It can be difficult to recognize when barbiturate misuse has turned into an addiction. If you are concerned for yourself or a loved one, it is important to see a healthcare provider. Only a mental health professional can diagnose you with a substance use disorder. With the proper diagnosis, you can begin the path to treatment and recovery.

The American Psychiatric Association’s Diagnostic and Statistical Manual of Mental Disorders (DSM-V), the manual that clinicians use to diagnose substance-related disorders and other mental health issues, outlines the following criteria used to diagnose a sedative, hypnotic, or anxiolytic use disorder involving barbiturates:8

  • Barbiturates are taken in larger amounts or over a longer period than was intended.
  • There is a persistent desire or unsuccessful efforts to cut down or control barbiturate use.
  • A great deal of time is spent on activities necessary to obtain, use, or recover from the effects of barbiturates.
  • Individuals experience cravings to use barbiturates.
  • Recurrent barbiturate use results in a failure to fulfill major obligations at work, school, or home.
  • The individual continues to use the barbiturate despite having persistent or recurrent social or interpersonal problems caused or exacerbated by the effects of the drug.
  • Important social, occupational, or recreational activities are given up or reduced because of barbiturate use.
  • The individual uses barbiturate drugs in situations that are physically dangerous.
  • Barbiturate use continues despite knowledge of it causing or exacerbating physical or psychological problems.
  • The individual develops a tolerance for the barbiturate.
  • The individual experiences withdrawal symptoms when they stop taking the barbiturate.

Barbiturate Withdrawal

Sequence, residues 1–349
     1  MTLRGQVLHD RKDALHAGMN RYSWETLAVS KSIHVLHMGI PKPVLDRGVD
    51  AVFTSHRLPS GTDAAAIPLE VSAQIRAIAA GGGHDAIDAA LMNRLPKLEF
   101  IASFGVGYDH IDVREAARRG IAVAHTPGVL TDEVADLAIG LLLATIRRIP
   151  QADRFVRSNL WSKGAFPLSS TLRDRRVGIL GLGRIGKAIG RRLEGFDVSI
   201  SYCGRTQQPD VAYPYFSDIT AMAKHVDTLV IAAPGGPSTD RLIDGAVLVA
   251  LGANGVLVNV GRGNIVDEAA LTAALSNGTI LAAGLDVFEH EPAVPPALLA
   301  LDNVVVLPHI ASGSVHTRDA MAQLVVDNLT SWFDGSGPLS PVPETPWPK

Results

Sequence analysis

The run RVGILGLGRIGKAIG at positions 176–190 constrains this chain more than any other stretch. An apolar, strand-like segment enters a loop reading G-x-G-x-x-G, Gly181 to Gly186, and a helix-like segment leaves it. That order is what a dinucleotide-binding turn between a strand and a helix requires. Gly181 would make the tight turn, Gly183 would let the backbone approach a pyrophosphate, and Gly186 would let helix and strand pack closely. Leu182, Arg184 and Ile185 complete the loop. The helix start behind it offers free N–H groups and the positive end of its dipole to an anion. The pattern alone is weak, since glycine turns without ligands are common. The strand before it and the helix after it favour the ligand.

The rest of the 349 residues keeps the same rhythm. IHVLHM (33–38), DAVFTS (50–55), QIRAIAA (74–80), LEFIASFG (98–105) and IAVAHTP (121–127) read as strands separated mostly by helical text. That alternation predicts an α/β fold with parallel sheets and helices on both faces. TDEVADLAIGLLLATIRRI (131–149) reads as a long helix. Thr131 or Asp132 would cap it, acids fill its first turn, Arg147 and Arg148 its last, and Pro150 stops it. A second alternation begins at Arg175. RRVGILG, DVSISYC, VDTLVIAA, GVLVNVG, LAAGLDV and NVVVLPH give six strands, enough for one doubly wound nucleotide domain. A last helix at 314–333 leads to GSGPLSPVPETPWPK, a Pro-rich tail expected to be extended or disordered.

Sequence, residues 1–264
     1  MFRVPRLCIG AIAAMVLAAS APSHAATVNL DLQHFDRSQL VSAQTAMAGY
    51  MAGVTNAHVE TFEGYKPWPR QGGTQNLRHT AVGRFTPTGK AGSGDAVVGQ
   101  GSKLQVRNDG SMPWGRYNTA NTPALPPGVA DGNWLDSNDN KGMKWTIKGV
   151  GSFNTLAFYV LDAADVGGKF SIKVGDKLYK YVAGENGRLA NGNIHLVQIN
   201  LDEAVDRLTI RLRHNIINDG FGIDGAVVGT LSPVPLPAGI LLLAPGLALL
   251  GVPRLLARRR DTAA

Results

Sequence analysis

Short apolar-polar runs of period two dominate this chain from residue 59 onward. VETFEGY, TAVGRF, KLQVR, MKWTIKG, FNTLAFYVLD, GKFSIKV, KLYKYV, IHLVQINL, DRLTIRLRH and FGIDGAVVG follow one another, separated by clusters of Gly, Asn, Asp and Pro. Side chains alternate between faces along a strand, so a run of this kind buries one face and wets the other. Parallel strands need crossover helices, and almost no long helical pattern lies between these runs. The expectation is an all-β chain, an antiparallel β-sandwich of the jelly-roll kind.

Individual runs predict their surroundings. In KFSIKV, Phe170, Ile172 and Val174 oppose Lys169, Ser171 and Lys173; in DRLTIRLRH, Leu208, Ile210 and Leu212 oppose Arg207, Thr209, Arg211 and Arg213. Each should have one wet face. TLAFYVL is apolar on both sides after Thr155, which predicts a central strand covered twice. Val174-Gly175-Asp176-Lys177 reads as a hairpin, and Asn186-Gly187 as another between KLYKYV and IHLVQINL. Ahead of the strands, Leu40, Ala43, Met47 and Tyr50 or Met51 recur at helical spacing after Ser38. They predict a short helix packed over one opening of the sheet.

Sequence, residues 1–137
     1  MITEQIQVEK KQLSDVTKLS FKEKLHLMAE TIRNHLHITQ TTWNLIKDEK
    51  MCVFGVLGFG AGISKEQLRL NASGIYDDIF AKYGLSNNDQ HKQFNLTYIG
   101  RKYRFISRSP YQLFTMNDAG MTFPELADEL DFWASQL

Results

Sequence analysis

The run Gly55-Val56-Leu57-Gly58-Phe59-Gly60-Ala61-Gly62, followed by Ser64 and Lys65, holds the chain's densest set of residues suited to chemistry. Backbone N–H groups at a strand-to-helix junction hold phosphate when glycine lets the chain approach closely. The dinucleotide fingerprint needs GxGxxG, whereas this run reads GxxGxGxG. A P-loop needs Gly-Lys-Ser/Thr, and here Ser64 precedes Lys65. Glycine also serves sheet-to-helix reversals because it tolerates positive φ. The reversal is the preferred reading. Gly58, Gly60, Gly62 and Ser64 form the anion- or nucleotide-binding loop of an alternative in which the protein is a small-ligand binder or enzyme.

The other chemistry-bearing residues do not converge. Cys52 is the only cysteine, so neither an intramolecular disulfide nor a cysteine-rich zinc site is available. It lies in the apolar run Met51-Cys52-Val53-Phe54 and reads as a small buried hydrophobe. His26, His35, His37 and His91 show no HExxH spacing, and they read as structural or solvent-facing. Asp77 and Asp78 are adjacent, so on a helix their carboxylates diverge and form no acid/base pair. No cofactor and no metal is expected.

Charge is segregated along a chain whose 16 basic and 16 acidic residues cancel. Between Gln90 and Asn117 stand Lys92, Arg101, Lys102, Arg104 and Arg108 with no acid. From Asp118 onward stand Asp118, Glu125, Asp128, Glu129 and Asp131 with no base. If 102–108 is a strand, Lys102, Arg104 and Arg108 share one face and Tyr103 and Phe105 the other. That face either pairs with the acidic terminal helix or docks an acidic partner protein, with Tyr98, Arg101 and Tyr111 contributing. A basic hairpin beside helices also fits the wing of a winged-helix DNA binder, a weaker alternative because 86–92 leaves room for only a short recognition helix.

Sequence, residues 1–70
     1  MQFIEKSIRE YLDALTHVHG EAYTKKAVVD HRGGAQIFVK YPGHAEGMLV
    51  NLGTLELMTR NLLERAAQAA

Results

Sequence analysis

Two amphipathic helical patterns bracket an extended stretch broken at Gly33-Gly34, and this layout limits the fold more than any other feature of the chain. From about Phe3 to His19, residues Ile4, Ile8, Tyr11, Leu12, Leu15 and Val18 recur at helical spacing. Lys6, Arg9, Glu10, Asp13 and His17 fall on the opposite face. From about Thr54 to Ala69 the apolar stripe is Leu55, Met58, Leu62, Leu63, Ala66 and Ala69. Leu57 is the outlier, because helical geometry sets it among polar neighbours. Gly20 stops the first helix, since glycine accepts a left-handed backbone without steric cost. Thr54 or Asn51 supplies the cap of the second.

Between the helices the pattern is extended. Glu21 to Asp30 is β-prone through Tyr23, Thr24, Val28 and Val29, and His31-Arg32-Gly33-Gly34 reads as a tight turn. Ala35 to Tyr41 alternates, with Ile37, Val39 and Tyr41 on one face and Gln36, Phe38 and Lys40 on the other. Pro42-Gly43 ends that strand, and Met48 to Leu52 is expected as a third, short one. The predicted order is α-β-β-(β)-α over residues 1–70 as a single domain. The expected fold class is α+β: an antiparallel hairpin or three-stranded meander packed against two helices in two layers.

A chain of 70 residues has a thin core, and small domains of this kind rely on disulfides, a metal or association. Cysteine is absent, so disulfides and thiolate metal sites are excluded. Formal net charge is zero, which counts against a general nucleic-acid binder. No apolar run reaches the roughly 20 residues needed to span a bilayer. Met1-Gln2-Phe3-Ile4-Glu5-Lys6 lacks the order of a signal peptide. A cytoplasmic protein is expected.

People who become physically dependent on barbiturates may experience withdrawal when they abruptly stop taking the barbiturate or drastically reduce their dose. Symptoms of barbiturate withdrawal can include:6

  • Restlessness.
  • Tremors.
  • Elevated body temperature.
  • Sweating.
  • Insomnia.
  • Anxiety.
  • Seizures.

Barbiturate Addiction Treatment and Rehab

If you are concerned that you or a loved one misuses barbiturates or other prescription medications, there is help available. The ideal addiction treatment program depends on a number of personal factors and is tailored to meet your unique needs. Thus, treatment looks different for everyone but may include:6,9

Detoxification. Medically managed detox is the process your body undergoes as it cleanses itself from a substance and experiences withdrawal. For an individual who has been misusing barbiturates or who has been taking them in conjunction with alcohol and/or opioids, withdrawal can be extremely uncomfortable and dangerous. Therefore, detox should take place in a specialized treatment facility, which includes 24-hour monitoring by medical professionals and doctors, who can help you wean off barbiturates and other substances safely and as comfortably as possible.